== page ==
Emergency Aid, ¡Si!, Subsidies for the Rich, ¡No!

The editors of USA Today see things very much as I do with respect to the aid bill for the states hit by Hurricane Sandy that’s making its way through Congress:

The spending least worthy of an emergency loophole is the billions the bill demands for projects to protect against damage from future storms. Most or all of this spending makes sense. Protecting subway tunnels from flooding could save millions in the next storm, for example, and coastal communities behind sand barriers weathered the storm much better than those that elected not to build them.

The question is who should pay, and how. The Sandy bill unwisely changes the traditional cost-sharing formula that requires state and local governments to put up 35% of the funding for such projects, dropping that to just 10%.

Working-class towns might not be able to afford the tens of millions it costs to build sand barriers, but New York and New Jersey, for all their own budget woes, are relatively well-off states. It’s a matter of priorities.

Yes, we’re one country. What I’m curious about is why a non-emergency subsidy for Greenwich, Connecticut, for example, is more worthy of support than aid for poor kids in inner city Chicago? Aren’t they part of that “one country”, too?

15 comments… add one

  • PD Shaw

    I supported the federal aid to Sandy, so long as they didn’t change the formula. Not surprising, what’s good enough for fly-over country isn’t good enough for the elites. My fallback position is that whenever the federal government is paying the freight, the feds decide what’s in the national interest. No writing checks for local government to make local improvements through politically-connected contractors answering to local preservationists and land developers.

  • What I’m curious about is why a non-emergency subsidy for Greenwich, Connecticut, for example, is more worthy of support than aid for poor kids in inner city Chicago? Aren’t they part of that “one country”, too?

    Of course not Dave. Sheesh.

  • Drew

    Who could disagree with you, Dave? Not me. But certainly Schumer, Christie and their ilk.

    How many times have I pointed out that we have plenty of money – and would not be in near fiscal calamity – for the truley needy? But that’s not what big government is about. Its about power, influence, risk shifting and just plain and simple slopping at the trough.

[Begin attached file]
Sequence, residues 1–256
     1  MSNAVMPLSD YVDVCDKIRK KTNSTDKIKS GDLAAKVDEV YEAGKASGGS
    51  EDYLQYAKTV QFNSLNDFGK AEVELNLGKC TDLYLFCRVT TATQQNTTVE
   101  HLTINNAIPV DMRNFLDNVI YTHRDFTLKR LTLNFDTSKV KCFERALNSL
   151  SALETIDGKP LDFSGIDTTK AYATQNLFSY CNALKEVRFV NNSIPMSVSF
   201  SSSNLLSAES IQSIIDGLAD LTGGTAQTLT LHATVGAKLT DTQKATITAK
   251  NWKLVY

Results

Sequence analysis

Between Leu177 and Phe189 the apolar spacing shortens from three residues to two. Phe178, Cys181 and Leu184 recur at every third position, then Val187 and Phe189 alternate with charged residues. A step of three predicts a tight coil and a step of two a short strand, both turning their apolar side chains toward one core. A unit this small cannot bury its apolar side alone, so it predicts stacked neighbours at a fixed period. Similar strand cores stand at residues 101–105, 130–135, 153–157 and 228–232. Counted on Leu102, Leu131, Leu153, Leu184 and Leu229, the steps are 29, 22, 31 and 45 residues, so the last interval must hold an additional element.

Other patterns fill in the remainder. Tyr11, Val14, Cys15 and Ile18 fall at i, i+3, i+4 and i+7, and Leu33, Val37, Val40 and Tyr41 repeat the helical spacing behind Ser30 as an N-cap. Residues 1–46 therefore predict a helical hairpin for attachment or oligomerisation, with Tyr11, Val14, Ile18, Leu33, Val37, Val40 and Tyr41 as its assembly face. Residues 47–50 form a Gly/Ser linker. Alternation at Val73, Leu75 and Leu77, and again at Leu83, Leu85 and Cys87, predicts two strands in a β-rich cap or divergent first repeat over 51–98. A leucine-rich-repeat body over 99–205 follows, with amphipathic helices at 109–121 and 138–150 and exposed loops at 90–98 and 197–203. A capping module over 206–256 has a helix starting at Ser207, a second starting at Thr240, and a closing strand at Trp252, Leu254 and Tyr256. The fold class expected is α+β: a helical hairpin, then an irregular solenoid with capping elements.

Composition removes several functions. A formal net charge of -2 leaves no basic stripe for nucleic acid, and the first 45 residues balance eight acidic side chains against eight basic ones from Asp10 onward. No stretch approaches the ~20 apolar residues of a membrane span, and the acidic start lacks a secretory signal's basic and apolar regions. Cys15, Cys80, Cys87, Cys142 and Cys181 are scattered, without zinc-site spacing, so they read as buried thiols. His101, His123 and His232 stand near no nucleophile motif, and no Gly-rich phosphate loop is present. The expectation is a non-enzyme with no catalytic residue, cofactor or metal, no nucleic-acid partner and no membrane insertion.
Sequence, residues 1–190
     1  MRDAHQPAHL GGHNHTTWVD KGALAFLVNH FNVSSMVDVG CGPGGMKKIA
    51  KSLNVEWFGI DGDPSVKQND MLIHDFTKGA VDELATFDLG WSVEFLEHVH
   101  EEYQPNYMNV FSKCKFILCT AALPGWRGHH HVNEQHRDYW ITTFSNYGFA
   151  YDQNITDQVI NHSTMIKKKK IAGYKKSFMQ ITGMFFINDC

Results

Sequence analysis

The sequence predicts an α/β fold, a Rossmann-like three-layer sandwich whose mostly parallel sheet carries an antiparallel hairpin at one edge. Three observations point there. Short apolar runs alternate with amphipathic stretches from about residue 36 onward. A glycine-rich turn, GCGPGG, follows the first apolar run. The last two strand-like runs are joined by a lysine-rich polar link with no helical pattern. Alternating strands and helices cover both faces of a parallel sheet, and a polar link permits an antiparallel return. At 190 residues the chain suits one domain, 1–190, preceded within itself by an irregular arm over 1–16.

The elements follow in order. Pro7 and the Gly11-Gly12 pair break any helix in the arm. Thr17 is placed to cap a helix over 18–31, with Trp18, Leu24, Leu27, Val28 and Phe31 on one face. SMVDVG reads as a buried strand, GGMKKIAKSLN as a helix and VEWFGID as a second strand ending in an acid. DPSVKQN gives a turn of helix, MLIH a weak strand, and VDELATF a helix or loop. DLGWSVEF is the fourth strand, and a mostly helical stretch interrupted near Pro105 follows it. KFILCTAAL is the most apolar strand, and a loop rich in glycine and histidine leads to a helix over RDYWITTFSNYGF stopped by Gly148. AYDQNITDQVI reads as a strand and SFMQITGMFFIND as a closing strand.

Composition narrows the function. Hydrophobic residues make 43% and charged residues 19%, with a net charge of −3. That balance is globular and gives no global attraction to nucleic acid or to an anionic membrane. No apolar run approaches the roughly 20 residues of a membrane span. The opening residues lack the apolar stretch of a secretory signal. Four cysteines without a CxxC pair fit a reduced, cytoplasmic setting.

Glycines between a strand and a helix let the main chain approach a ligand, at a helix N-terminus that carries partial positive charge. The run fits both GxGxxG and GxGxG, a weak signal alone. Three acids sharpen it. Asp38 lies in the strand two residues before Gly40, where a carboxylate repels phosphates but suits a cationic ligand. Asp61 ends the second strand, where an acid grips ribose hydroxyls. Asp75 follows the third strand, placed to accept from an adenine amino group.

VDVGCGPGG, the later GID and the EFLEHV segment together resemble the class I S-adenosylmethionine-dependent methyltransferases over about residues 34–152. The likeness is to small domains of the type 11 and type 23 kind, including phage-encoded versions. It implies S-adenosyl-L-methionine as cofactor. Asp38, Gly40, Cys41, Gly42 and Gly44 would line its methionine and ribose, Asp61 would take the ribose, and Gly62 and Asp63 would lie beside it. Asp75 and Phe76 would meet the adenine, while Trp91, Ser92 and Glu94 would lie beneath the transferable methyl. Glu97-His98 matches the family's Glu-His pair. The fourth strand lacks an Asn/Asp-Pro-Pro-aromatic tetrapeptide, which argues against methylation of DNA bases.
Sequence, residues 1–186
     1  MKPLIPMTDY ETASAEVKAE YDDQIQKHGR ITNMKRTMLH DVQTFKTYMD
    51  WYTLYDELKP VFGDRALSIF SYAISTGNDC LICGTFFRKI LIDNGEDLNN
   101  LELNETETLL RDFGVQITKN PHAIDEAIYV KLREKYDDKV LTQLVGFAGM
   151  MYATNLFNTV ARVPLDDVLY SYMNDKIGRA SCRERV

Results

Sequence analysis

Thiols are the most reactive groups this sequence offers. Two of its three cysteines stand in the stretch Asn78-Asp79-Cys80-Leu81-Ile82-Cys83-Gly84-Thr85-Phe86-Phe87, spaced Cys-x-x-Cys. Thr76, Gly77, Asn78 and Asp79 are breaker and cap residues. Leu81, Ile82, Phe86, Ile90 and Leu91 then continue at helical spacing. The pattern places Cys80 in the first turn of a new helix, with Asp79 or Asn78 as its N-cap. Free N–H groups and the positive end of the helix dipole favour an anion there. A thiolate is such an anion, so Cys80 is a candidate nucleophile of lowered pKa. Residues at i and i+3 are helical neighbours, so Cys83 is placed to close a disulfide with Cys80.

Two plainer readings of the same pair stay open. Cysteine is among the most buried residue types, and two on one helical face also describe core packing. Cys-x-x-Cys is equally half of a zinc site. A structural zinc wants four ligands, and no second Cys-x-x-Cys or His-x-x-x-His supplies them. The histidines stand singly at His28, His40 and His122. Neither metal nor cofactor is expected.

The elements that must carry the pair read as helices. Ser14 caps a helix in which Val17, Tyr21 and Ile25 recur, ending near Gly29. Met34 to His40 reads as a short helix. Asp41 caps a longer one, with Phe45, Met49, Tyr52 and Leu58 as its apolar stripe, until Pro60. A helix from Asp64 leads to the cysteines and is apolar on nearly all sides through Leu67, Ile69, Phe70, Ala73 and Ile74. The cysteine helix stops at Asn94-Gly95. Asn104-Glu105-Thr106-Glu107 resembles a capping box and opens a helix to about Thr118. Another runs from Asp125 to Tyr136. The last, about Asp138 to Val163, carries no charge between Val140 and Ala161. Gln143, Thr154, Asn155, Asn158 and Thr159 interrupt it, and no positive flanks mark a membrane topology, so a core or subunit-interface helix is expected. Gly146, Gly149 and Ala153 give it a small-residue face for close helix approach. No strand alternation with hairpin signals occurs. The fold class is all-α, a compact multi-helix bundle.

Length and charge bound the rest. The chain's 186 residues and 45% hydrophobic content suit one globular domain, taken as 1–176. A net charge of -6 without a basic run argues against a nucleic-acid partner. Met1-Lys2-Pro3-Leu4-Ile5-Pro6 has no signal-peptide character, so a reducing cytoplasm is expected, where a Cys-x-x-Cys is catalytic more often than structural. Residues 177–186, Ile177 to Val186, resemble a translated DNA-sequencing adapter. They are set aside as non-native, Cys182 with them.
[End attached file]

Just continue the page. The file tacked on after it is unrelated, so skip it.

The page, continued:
Every time I hear a lefty type complaining about a righty and their supposed uncaring attitude for the poor or otherwise in needy I think “are you really that dumb, or just so irrationally wedded to the notion of the state and screwing those with money that you are blind to those you profess to care about?”

  • PD Shaw

    I’m not sure what the article means by sand barriers. I assumed they meant the type of sand barriers that Gov. Jindal wanted to erect to contain the BP oil spill, which were criticized for not being able to withstand storms. Googling suggests that they are talking about sand barriers being erected on the beach with a bulldozer from existing sand. It would appear to be temporary; otherwise the use of the beach for recreation is essentially destroyed. That sounds way too much like an ongoing operating expense. How about backing off of the beach?

  • I think I’ve been clear on my opinions toward subsidies for the rich.

  • Who kills first in a UAV depends on how fast I can get my hands on one.

  • Jimbino

    I think that singles, the poor, the childfree, gays, atheists and others with no voice should pay the entire bill for those rich Leftcosters. That’s the way we run Social Security, Medicare, our public schools and national parks and forests.

  • May I remind you?

  • And I still ain’t nothing next to those South Louisiana women.

  • Small wonder the Republicans don’t want us in comabt.

  • sam

    Hey Janis, did you spot the 14-year-old Laurence Fishburne in that clip?

  • He must be the young black man at 25.

  • Wrong! The boy in front at 56.

  • steve

    This seems like fairly normal, though rotten politicos. So, you have liberal Chris Christie trying to take advantage of this disaster by trying to get free money for his state. This would never happen if you had a good conservative governor running that state.

    Steve

  • Andy

    I think there’s a natural human tendency to want to help people affected by acute problems compared to people affected by chronic problems. Hence natural disaster victims get money and inner city kids don’t.

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